22 December 2018

The Socialism of Poverty - part the second

If there be any left who doubt that the Empty State folks, who complain that they've been left behind by the rest of us, have made their own ingrate bed, well Eduardo Porter has gathered up much investigation by academics, researchers, and bureaucrats (who provide the socialism to the ingrates). You should read it.

For starters, this is the title in my dead trees version I read this morning: "The Government Check Disconnect". Not too pointed, I think you'd agree. Here, on the other hand, is the title as I just pulled up for the innterTubes version: "Where Government Is a Dirty Word, but Its Checks Pay the Bills". Now, that's a title I can applaud. Ingrates in other words. Note that it is customary in the news biz for byline folk not to write the headline; editorial normally does that. The subject of the article: Kentucky.
"The SNAP card works every month; the kids eat two meals a day, but people don't think about where the food comes from and go vote for Republicans," said Larry King, a Kentucky farmer who is chairman of the Democratic Party in McCreary County, whose residents get 55 percent of their income from federal transfers.

As said here more times than not, they've continued to elect Right Wingnut politicians who revel in grinding them under the boot. But these knuckleheads blame DC Democrats, who've been the only ones attempting to bring them out of their self-inflicted Dark Age. Can't let them wimins and faggots tell them what to do!!! No sirreee!!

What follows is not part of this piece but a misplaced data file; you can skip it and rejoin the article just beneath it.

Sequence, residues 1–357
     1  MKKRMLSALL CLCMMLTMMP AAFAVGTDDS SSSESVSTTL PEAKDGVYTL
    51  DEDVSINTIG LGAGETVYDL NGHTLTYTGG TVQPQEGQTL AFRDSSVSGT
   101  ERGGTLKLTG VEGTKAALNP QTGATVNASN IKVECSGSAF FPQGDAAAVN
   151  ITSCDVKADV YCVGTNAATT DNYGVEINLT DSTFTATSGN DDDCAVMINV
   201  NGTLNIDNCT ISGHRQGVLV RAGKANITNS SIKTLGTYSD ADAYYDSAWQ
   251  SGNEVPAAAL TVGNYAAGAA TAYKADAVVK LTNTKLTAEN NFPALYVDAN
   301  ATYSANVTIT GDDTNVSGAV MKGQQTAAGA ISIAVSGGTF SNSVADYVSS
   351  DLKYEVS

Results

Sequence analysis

Harlan has few answers to its economic tribulations: few roads linking it to the world's markets, few good broadband links, few college graduates, few investors willing to risk their money there. "Most of the kids from here who have a chance to go to university never come back," said Colby Kirk, executive director at One Harlan County, a nonprofit economic development group serving the area.

As stated more than once: you're not going to turn a 55 year old unemployed, uneducated, miner/factory worker/whatever into a 56 year old financial analyst. Either support them directly and humanely, or let them die out naturally. The Right Wingnuts have been on a tirade toward the latter. The rest of us seek some sort of former. I don't have the answer, yet. But knuckleheads have to admit the base truth: they've been electing their overseers for generations, and have to stop doing that. If they don't, nothing will change.

Here is the end of the article, and where Porter manages to go off the rails:
As small towns lag behind prosperous urban centers along the coasts, as rural communities shed businesses and jobs, and as their residents turn to welfare as a last line of sustenance, the more they will resent Washington's inability, or unwillingness, to stem the decline.
[my emphasis]

It's absolutely not Washington to blame. Washington didn't make natural gas cleaner and cheaper than coal. Washington didn't tell Kentucky, or any state, to denigrate education. Most of the difference between coastal, urban development and the dearth of same in the Empty States is that the coastal states' citizens chose to invest in their kids and society. There's a reason that the best schools, public and private, exist in coastal cities. We decided, generations ago, that it mattered. It was, and remains, true that the progressive coastal states have been sending moolah by the boxcar load to the Empty States, by way of Washington. Don't now blame us because the Empty State folks, over those self same generations, didn't give a damn.

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